Tue, Apr 09, 2019 - Page 1 News List

Beijing targeted two Australian-based authors over Canberra inquiry: report


Beijing agents pressured two Chinese-Australian authors to provide information about a secret Canberra inquiry into Chinese meddling in domestic politics, local media reported yesterday.

Yang Jun (楊俊), a novelist and democracy advocate, and Feng Chongyi (馮崇義), a Sydney-based university professor and former newspaper publisher, were reportedly interrogated over the classified probe.

They are both friends of John Garnaut, a former journalist who was heading up the inquiry.

A joint investigation published yesterday by the Sydney Morning Herald, The Age and Australian Broadcasting Corp (ABC) found that China had waged an intelligence operation to gain details of the probe ordered in 2016 by then-Australian prime minister Malcolm Turnbull.

At a news briefing yesterday, Chinese Ministry of Foreign Affairs spokesman Lu Kang (陸慷) said his nation was opposed to interference in other countries’ affairs.

“China has always insisted on mutual respect for each other’s sovereignty, and mutual non-interference in internal affairs,” Lu said, adding that Beijing did not know the latest on Yang’s case.

Yang, a naturalized Australian citizen whose pen name is Yang Hengjun (楊恆鈞), has been detained in China since traveling there in January, accused of endangering state security.

Yesterday’s report coincided with a plea from his wife for Australia to do more to secure his release.

Australian media have reported that Yang was a former Chinese diplomat, although that has been denied by Beijing.

The ABC report said that last year, Chinese agents had intercepted and questioned Yang in Sydney when he was on his way to meet with Garnaut.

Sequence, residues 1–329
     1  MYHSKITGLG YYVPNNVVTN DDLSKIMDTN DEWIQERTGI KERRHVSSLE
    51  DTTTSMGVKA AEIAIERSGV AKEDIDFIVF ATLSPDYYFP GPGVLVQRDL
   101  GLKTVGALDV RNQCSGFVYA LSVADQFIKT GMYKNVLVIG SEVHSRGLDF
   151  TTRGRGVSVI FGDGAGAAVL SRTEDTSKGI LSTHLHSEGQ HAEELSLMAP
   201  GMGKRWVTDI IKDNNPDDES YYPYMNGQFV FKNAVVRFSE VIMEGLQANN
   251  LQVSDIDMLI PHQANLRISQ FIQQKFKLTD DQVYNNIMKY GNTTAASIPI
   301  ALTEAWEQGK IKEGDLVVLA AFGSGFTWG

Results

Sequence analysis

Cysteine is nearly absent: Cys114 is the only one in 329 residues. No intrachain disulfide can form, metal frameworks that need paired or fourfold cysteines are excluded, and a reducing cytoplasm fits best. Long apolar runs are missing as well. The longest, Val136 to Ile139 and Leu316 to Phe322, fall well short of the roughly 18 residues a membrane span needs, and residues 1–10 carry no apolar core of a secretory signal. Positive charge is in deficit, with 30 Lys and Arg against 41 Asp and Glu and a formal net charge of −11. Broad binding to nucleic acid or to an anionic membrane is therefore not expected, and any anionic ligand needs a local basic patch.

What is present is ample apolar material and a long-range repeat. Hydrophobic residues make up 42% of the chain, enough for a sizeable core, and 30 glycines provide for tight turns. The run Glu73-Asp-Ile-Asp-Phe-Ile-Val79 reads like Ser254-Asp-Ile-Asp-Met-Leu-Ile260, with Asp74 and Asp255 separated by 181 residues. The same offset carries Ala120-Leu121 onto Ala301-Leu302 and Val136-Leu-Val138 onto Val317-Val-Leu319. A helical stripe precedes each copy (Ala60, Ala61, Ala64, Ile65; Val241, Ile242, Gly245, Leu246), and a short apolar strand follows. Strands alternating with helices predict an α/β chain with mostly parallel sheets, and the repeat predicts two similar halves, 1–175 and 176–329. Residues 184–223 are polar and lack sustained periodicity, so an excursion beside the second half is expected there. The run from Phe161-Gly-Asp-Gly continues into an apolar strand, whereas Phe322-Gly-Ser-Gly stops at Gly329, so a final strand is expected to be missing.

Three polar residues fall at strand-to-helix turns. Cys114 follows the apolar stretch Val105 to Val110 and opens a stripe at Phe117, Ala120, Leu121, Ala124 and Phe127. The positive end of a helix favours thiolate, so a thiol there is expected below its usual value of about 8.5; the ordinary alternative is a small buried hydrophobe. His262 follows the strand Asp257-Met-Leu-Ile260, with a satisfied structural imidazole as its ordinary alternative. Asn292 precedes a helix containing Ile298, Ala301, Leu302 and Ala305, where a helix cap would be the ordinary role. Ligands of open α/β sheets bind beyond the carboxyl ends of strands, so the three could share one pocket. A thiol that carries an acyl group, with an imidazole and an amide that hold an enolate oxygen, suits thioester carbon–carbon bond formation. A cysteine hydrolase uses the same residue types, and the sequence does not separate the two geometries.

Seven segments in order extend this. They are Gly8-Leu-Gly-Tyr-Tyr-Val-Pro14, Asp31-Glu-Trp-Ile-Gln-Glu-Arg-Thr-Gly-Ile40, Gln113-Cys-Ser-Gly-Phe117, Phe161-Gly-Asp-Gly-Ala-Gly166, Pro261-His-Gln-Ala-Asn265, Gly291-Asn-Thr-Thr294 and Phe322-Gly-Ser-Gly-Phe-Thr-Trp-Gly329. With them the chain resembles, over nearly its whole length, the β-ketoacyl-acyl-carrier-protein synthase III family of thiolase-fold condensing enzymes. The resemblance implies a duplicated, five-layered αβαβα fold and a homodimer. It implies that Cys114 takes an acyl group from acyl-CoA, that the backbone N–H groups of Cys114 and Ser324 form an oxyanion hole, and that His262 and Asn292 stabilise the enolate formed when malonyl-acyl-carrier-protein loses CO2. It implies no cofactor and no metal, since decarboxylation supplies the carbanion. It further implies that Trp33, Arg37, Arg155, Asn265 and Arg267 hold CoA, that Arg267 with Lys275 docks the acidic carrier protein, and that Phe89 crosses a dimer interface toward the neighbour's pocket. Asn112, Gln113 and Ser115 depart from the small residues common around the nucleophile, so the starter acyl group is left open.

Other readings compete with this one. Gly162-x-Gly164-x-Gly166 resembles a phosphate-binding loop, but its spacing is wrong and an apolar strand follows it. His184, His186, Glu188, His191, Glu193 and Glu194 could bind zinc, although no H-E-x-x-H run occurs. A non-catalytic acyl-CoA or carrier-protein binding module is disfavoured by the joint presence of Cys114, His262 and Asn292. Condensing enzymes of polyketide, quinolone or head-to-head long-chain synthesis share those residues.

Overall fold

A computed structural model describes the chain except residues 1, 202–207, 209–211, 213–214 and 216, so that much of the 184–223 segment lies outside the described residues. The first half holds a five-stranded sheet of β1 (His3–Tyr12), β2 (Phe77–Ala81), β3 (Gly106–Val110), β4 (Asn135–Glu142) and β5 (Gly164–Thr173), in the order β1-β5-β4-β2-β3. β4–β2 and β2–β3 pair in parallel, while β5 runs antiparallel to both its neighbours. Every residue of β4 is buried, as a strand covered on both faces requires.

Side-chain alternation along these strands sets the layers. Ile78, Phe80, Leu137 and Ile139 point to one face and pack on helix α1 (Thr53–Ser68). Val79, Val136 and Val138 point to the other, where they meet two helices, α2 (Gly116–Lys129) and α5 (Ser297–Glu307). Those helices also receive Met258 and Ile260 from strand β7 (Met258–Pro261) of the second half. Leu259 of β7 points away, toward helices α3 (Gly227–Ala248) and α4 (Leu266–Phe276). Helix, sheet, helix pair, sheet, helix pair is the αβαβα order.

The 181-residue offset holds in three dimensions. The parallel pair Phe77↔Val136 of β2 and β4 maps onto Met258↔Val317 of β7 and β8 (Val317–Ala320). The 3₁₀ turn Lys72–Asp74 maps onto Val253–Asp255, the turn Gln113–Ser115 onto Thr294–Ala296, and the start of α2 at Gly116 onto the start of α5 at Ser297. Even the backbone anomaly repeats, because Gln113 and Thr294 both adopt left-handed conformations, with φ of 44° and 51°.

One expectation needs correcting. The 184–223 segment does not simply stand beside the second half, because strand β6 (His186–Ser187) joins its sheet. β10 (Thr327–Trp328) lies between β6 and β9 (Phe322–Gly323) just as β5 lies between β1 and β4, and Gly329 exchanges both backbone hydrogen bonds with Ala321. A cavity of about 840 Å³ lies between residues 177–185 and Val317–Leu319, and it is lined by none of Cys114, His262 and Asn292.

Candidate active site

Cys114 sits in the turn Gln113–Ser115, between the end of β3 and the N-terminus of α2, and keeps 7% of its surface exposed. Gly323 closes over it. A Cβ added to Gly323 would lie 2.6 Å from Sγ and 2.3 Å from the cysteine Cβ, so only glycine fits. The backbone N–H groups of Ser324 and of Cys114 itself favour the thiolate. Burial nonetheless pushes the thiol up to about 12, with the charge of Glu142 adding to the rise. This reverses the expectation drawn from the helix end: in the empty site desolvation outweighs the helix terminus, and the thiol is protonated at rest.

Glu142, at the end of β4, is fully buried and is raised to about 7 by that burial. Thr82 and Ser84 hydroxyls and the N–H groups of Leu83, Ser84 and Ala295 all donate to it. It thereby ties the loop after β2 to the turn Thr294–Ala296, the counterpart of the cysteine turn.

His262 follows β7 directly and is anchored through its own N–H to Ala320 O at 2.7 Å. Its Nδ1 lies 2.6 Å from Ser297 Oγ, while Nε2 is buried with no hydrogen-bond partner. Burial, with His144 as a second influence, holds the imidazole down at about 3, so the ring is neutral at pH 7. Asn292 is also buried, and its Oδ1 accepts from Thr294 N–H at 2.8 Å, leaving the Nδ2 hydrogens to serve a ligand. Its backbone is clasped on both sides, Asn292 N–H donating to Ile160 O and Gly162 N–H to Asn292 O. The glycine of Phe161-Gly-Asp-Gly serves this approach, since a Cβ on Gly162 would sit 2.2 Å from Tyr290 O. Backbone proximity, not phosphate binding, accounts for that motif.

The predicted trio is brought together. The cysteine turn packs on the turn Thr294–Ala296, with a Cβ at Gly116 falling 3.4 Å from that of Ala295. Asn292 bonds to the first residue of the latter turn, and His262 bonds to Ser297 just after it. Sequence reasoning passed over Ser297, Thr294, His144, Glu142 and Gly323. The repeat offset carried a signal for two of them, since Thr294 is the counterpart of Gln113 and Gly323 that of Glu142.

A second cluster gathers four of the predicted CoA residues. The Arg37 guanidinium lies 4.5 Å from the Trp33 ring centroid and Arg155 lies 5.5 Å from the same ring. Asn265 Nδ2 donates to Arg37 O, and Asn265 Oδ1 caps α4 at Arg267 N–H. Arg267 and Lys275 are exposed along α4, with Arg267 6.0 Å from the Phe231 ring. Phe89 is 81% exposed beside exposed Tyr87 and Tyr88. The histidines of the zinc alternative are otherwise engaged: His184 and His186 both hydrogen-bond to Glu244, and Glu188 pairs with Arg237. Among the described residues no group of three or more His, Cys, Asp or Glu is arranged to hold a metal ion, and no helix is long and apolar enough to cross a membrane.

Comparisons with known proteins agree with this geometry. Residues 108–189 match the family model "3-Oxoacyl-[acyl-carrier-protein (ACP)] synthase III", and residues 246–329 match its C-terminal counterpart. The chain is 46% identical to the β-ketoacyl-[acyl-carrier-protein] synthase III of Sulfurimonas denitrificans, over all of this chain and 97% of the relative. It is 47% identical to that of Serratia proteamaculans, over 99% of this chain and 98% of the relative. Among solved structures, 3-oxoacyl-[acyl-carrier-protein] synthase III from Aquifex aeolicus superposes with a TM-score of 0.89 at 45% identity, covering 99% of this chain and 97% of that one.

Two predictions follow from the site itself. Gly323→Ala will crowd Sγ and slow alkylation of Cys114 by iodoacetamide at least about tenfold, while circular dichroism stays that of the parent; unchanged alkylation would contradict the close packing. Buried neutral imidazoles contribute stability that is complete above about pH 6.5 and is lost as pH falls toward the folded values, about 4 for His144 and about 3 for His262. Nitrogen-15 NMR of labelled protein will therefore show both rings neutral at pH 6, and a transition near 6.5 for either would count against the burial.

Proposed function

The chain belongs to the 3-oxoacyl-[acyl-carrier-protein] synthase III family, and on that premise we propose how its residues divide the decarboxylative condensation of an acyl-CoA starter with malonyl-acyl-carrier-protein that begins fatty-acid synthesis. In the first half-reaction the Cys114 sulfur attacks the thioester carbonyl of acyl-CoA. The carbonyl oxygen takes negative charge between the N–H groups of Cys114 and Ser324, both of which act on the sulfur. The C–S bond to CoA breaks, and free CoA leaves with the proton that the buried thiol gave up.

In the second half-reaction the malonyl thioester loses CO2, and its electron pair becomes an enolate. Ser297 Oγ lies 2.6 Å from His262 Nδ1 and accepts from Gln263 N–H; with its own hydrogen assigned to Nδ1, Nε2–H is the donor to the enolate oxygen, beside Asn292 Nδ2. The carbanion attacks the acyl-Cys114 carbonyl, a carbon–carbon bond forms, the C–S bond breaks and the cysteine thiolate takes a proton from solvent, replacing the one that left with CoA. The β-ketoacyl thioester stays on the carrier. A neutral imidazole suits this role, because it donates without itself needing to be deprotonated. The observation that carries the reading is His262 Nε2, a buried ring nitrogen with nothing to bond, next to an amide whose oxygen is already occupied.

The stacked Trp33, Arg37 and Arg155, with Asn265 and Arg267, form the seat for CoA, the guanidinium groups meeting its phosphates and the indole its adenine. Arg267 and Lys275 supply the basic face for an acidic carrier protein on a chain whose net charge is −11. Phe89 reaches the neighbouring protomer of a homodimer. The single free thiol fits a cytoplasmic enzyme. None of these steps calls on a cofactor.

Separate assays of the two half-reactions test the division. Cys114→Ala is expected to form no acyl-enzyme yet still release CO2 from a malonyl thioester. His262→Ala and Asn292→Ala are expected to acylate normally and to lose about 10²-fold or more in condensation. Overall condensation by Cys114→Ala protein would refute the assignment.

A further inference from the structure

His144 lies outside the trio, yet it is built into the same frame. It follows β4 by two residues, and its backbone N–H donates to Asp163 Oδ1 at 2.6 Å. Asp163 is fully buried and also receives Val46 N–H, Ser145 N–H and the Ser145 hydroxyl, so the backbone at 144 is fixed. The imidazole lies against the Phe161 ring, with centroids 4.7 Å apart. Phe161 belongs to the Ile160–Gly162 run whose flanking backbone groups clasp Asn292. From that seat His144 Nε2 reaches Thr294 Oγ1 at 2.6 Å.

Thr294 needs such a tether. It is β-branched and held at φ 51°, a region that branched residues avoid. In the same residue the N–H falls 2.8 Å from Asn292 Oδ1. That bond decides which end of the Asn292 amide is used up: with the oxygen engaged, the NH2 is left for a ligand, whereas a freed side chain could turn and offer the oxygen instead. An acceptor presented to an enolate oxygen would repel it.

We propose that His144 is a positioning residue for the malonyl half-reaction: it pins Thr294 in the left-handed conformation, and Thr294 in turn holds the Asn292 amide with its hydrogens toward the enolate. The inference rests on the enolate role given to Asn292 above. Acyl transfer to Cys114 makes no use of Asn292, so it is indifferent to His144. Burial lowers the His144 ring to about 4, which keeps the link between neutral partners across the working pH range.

Garnaut told ABC that a Chinese official asked Yang “about me ... what I was doing, what I was working on.”

Yang’s wife, Yuan Xiaoliang, has been banned from leaving China, but she spoke to ABC from Shanghai to urge Australia to help free her husband.

“I think at least the Australian government officials should care for its citizens’ well-being when they are overseas, should show their concern,” she was quoted as saying.

Feng, a permanent Australian resident, told ABC that he was questioned about Garnaut when he was detained for several days during a trip to China in 2017.

“They knew a lot about him [Garnaut]. During the interrogation, they did not hide that they were angry with him,” Feng said.

Australian lawmaker Andrew Hastie, who chairs the Parliamentary Joint Committee on Intelligence and Security, told the ABC that the government has had “multiple briefings” from the Australian Security Intelligence Organisation and other agencies that “foreign interference is being conducted in Australia at an unprecedented level.”

“There are several authoritarian states who are involved in foreign influence across the globe, but in Australia, the Chinese Communist Party is probably the most active,” he said. “China is seeking to influence our elites, particularly our political and business elites, to achieve their strategic objectives.”

The inquiry led Australia to pass sweeping reforms to espionage and foreign-interference laws, with China singled out as a focus of concern.

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